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We recently completed an addition with a twist. Many have done drive by’s of our project on Five Mile Road. Few have commented on our amazing structural engineering feat.

This is rare and not something that happens every day. Granted it looks pretty normal to the casual observer but there is some magic involved when structures are hanging over their supporting walls in two different direction without the use of pillars to support them.

What started as a simple garage overbuild turned into an amazing solution to a complicated problem, almost on the fly.

One overhang, no problem

The plan that was provided by the homeowner included a deck with the typical posts to support it, I was not comfortable with the plan and was bound and determined not to need the posts. (Primarily because they get bumped into) We simply eliminated the posts from the plans using a common cantilevered floor joist system approach.

Once underway the client decided he wanted to overbuild the garage entrance up to the maximum allowable setback. This would add another 4 feet beyond the front of the existing garage. With so much of the new structure overhanging in two different directions, I was afraid we would be required to use support posts but determined to explore all of our options. This is when the Change Order process kicked in.

Two overhangs in opposite directions, now that gets complicated

Determined to find a solution, I called a meeting on the job site between our trusty structural engineer Scott Soule, our veteran project manager Steve Wadsworth, and myself, to see what could be done.

The plans

The plans

Cantilevering in two directions would be difficult because of the requirements for cantilevers which state that 2/3’s of the cantilevered component much be within the structure.

I was not going to add an ugly support post without a fight. After scratching our heads and talking the site we laid out the plans on the hood of Scott’s truck, started sketching, and tossing around some idea.

After about 15 minutes of “What ifs” and “Hey I knows” We discovered is if we change the layout of the floor joists and add a rim beam, that we could do a double cantilever and viola problem solved in theory. With high fives all around we split up and went on about our business with the confidence of a high performance team. Scott retired to his office to do the necessary calculations and confirm that we could make it happen.

The proof is in the puddin’, Ta-Da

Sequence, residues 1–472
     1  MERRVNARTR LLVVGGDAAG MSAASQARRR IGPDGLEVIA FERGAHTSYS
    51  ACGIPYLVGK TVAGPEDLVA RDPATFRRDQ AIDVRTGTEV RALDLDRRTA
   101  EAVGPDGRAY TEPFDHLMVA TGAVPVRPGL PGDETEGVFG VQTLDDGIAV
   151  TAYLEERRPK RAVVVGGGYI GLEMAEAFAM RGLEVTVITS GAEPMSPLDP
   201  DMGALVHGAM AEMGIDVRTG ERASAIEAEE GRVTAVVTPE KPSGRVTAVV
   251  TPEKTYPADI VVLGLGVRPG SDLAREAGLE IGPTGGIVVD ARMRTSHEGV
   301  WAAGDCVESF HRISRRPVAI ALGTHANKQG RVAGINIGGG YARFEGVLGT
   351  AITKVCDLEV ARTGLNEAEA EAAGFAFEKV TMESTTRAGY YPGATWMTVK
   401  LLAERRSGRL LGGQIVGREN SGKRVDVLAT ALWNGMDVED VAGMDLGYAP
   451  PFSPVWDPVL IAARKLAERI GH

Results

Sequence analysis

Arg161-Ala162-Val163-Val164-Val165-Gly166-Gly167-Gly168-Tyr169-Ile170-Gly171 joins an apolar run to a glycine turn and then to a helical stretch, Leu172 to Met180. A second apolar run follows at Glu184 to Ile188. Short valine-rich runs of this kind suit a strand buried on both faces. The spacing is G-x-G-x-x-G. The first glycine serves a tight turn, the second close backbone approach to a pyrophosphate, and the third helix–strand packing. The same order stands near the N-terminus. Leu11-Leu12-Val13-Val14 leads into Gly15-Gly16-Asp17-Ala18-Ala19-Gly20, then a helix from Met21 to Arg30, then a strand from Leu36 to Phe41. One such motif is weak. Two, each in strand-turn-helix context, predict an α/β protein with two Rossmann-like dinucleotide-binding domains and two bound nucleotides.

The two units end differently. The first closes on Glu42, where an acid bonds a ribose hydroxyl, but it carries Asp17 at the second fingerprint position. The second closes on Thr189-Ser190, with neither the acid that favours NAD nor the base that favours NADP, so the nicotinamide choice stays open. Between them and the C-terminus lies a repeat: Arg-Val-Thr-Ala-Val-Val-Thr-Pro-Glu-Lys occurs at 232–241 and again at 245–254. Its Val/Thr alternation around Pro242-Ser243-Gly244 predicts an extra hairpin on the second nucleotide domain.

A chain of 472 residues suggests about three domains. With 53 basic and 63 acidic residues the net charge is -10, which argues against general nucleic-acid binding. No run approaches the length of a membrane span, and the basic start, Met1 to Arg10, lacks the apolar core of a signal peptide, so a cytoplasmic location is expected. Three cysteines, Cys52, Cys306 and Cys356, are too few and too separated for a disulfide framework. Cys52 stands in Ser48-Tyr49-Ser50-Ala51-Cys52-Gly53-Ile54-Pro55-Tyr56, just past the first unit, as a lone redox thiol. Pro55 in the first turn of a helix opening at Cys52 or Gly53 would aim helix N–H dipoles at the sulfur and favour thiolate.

No visible Means of Support!

No visible Means of Support!

Solving these problems does not happen in a vacuum, it takes experience, talent and a genuine desire to work in a collaborative way.

The best part was when the framing inspector came by to sign off on the project. “That is amazing, he said…How did you do that? It looks great, oh I see how it works now, I’m not sure I have ever seen this technique used.” Music to our ears.

This is where the gooey stuff is in remodeling for us all. We are driven to solve problems and create solutions to complicated remodeling problems with a team approach that cannot be beat.

Your comments are welcome. To ask questions or get more information about remodeling, click here to email me directly, or call 208-947-7261

If you or someone you know is considering remodeling or just wants to speak to a trustworthy remodeling contractor please contact me, you’ll be glad you did.

  • Spencer

    what was the layout of the joists that allowed this solution? I would like to have a double cantilever on an outbuilding but don’t know how to approach it without posts(way better without). thanks for your ingenuity and help.

    • Joe Levitch

      What happened is that the primary lay over the garage was parallel with the garage door then we changed it so that 1/3 would hang over the front of the structure and 1/3 hung over the right side (as you were looking at the garage) Then we used a large beam across the front attached to the tails and that tied to the tails of the rafters cantilevered over the tight side and everything was suspended without posts. I could send you a sketch or be happy to discuss it further. The cantilever rule is that 2/3 of board must be inside the building.

  • Chris

    Hi Joe, I am trying to solve a similar problem, in my case an elevated attached deck that I would like to have cantilevered on two adjacent sides. If you could provide any additional details or a sketch, it would be greatly appreciated. Thanks,

    • Joe

      Chris I have done a sketch and will send it directly the key is to have 2/3 of the cantilevered beam inside the structure. By changing the direction of the floor joists we were able to do this with ease. It is a bit of a puzzle, once you figure it out you wont forget. Joe

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